The European Hockey Union
- By Alexei Bayer
- Oct. 13 2013 18:02
- Last edited 18:02
Zagreb's Medvescak became the 28th team in Russia's Kontinental Hockey League this year. This was a milestone for the KHL, which is only in its sixth season. Bringing in Medvescak will help it expand its international footprint as it works on having clubs from Finland, Italy and Germany join as well.
Croatia is not known for its ice hockey prowess. Few Croats grace the Medvescak roster, which is dominated by North Americans, including the winner of the 2006 National Hockey League goal scoring title, Jonathan Cheechoo, and the 2010 World Junior Champion, Luke Walker.
However, Medvescak has a loyal, even fanatical, following in Zagreb. It is a perennial national champion, but its Croatian rivals are weak. In the Slovenian and Austrian leagues, where it played several seasons, the level of play was also low. The KHL, on the other hand, has the world's toughest competition after the NHL. For the fans who regularly sell out the 6,400 seat arena, there is finally something serious to cheer about. Croat kids who flock to the games in large numbers finally can see some of the world's best players.
Today's sports fans are too young to remember the bitter, politically-tinged football rivalry between the Soviet Union and Yugoslavia. In the 1952 Olympics in Helsinki, the two countries played to a dramatic 5-5 tie, with the Yugoslavs then winning a rematch two days later. Because Yugoslavia was then an ideological foe, the Red Army soccer club, the core of the Soviet national team, was dissolved. The Soviets exacted revenge eight years later, defeating Yugoslavia in the final of the 1960 European Championship.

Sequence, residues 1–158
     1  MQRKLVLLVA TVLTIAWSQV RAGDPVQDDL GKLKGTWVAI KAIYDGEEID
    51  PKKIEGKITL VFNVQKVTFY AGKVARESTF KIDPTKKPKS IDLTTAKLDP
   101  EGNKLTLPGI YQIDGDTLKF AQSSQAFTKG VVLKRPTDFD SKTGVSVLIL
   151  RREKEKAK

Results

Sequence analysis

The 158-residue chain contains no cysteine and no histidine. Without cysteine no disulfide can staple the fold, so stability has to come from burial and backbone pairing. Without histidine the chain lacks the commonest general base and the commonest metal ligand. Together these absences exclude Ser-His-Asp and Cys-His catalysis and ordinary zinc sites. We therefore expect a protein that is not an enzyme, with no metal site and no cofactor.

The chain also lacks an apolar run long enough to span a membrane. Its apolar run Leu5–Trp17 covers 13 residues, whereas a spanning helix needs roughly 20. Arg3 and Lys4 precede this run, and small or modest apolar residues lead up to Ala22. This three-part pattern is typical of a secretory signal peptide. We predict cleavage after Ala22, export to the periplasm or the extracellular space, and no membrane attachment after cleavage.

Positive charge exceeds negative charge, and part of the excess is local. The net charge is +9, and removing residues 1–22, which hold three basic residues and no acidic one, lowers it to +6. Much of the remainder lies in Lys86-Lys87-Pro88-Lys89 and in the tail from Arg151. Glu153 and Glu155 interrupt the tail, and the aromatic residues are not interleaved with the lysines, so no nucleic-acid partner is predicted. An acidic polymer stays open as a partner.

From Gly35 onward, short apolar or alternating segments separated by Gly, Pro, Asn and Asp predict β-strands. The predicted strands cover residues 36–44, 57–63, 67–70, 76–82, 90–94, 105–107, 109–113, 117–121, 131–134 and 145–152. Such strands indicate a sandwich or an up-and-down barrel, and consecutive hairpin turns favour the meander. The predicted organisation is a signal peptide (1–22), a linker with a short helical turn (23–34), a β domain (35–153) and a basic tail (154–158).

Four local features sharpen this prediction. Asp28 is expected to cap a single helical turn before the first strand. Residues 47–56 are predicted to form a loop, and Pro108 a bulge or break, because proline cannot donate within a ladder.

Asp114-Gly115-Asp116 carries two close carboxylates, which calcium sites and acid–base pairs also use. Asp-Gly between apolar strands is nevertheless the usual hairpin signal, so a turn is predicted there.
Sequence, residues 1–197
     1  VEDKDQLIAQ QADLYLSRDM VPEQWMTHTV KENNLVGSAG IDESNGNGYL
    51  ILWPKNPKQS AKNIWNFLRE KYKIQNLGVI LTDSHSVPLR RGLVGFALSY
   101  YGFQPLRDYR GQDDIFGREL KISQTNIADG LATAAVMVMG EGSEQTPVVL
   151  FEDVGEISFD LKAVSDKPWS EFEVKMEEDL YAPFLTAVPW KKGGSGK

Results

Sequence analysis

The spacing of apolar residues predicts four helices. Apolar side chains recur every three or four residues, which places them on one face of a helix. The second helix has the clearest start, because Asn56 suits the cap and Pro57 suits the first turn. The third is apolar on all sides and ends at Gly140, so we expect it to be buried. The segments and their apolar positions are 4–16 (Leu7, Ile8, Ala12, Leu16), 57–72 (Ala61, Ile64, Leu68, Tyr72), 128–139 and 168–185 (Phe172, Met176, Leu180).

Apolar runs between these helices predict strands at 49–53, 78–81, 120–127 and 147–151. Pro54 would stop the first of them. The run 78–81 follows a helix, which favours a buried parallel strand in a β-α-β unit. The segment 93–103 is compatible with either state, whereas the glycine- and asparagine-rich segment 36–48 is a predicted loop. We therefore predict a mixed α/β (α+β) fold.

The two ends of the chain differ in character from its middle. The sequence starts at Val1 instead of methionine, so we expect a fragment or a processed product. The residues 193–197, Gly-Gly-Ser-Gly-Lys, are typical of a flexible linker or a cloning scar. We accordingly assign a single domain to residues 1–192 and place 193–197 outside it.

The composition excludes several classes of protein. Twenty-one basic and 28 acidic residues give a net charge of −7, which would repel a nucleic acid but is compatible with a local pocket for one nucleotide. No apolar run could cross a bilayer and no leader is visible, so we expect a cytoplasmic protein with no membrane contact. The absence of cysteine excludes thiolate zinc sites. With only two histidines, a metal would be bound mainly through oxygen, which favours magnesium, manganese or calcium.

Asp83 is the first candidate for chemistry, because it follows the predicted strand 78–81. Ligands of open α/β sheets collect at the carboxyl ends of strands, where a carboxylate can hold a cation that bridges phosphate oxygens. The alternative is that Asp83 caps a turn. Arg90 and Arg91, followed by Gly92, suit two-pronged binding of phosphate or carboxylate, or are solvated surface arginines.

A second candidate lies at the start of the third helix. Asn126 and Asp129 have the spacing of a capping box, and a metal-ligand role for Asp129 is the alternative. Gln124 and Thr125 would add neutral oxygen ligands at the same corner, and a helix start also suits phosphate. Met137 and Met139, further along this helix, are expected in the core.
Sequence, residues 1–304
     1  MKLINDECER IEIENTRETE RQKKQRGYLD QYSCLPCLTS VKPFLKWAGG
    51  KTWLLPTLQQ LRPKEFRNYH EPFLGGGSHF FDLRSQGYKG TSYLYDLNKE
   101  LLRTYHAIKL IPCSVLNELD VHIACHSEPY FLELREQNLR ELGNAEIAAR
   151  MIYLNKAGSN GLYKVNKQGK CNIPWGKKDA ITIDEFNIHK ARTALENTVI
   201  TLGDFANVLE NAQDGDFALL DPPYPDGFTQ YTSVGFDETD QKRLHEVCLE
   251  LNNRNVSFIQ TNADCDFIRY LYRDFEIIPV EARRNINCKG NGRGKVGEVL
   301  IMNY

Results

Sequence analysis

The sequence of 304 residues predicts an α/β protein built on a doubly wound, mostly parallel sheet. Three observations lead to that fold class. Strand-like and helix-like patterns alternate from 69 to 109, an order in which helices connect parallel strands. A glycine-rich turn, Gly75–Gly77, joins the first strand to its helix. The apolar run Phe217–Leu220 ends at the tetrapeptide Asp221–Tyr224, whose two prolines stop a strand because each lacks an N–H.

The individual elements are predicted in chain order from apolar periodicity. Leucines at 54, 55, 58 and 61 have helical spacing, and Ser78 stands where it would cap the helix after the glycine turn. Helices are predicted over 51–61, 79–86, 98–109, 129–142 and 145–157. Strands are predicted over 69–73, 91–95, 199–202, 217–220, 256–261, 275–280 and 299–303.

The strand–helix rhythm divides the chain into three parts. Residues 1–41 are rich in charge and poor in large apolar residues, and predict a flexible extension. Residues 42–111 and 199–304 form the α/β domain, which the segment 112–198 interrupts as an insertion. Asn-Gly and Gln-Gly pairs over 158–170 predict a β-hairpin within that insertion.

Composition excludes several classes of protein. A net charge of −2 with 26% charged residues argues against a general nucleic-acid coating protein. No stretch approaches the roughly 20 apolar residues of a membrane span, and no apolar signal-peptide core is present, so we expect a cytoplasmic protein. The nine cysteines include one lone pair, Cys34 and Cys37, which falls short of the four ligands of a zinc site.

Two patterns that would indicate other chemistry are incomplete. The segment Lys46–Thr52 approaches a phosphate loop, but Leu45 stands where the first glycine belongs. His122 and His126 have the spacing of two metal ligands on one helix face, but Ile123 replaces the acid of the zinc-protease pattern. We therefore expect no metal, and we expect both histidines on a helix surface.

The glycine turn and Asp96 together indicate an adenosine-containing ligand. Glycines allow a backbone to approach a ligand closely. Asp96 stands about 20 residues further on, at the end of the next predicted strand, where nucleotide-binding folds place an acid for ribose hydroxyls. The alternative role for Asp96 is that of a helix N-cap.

It is a different era, and the same countries no longer even exist. Still, a recent match between Medvescak and Neftikhimik from Nizhnekamsk had an edge — probably more so than matches in the Austrian league. Perhaps it was just the Russians and the Canadians duking it out, but in any case the fans loved the passion and, as the KHL matures, long-standing rivalries will emerge, probably spurred by the troubled history of Central and Eastern Europe. In Riga, when the local Dynamo plays visitors from Russia, Latvian and Russian-speaking fans bury their differences and jointly root for their hometown club.
Russia has been trying hard to be a legitimate rival to the U.S. — in economic, political and military spheres. It is building its own customs union as a counterweight to the EU, which it considers an American stooge. It is working on its own missile defenses to match the NATO system. It is rushing to stake out portions of the Arctic ahead of Washington. But in hockey, without really trying, it seems well on its way to create a bona fide alternative to the NHL.
It is already a far more pleasant experience to attend a KHL game. Tickets are cheaper: the costliest seats for a regular season Medveczak game are about $25. The beer is good, not the beer-flavored water you get at U.S. arenas for a small fortune. There has been no players' strike like the one that nearly killed last season in the NHL. Finally, the game is played on a wider surface, allowing for more skating and higher scoring, not the grinding mess that NHL hockey has become.
Perhaps if Russia wants to lead the world in other areas, it should look at the KHL. It might want to play nice and give people what they want. Then, others will surely follow its leadership.